I can not think that any reasonable person, who does not get their bread buttered by the industry, would refuse to have a choice in the selection of cable boxes. Any member of the "public" who does not choose choice is likely a shill for the industry.
There is a gross excess of attorneys, far beyond the needs of even our litigious system. They have to find some way of making a living. And most are bright enough, and sufficiently familiar with the system to provide all sorts of creditable, if illicit, scams.
When I see something on the net that I find questionable, I can search for alternating positions from a dozen different sources in minutes. Weighting them from past experience and judging the apparent veracity by self contradiction gives me a pretty good idea of what is happening.
Your logical fallacy indicate to me that your opinion is based purely on bias, not experience or capability.
So where do you come up with your "facts" and opinions? If you don't believe anything that you find on the net, what do you do? Make them up? On that I would have to congratulate you. It is pretty hard to consistently find an opinion or claimed fact that doesn't appear on the net. You must have a wild imagination.
Then you need to learn how to use the net. Far and away above all other sources of the news you have the ability to check and countercheck all statements. That is of course not a guarantee that truth will be exposed at all , but it is far superior to reading one paper, or worse watching one one TV channel.
With responses like @9:19 it makes me wonder how many ringers are on Techdirt.
Catching syphilis or gonorrhea was a court martial offense in the US military until someone realized that hiding the occurrences of these diseases was far worse than exposing them. Not just for the infected individual, but also for spreading those infections.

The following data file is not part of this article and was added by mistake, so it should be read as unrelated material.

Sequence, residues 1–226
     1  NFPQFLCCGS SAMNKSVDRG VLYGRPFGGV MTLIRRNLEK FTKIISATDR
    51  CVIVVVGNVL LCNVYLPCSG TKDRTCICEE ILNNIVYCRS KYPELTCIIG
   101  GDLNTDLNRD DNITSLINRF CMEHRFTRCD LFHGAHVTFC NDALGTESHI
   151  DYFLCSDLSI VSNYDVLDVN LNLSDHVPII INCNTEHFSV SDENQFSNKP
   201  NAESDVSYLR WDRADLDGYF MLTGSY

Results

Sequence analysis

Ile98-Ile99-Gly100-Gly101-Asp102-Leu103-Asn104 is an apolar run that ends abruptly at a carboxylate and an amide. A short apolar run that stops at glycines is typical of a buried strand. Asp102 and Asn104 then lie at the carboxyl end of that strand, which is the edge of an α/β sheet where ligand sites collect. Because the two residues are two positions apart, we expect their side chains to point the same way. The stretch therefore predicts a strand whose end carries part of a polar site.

The more truth that is known, the safer that we all are. The NYTimes was aware of the extent of torture in Gitmo a year before the 2004 election, but decided that it couldn't release that information because it would "interfere" with the election. From a legal, moral and pragmatic stance, it have an obligation to make sure that horror was cleansed with sunlight before Bush got another four years to innure the public to what was happening.
Why do you think it was never noticed? It just became convenient for someone to actually do something about it.
Richard Hansen, the FBI spy, had so many red flags that it was impossible not to know he was leading a double life. Suddenly it became useful for someone to actually act on that knowledge. Either that, or the entire upper third of the FBI should be dismissed for incompetence. Or perhaps both.
Placing the "decision" making process in another's hands is a decision. Undoubtedly politically based with the "decision" agreed to beforehand. And let me point out that the FBI is a part of the DOJ. Just handing off the official process to a subordinate.
The DOJ is corrupt, vile, and supports the breaking of law when it suits it. Up to and including murder. Their main rule is "don't get caught."
Just for one item, try looking at costs for other VOIP companies, and the services they provide. ISPs typically charge $30-40 per month for minimal service in the US with three abilities such as voice mail. Private VOIP companies typically charge between $5-25, and offer a wide variety of additional services free, and wider geographical calling areas without charge.
Depending on who you read, US internet service falls between 15th to 39th for speed and cost. Many nations are 10x faster, and still cost less.
First of all, it is the DOJ, not Comey which is responsible for making the decision to charge. Obama left the DOJ attorneys intact from the those left over from the Bush43 selections. This was quite unusual, because every preceding president had replaced DOJ attorneys with his own staffers. Almost all were Republican. The DOJ itself is quite heavily weighted towards Republicans.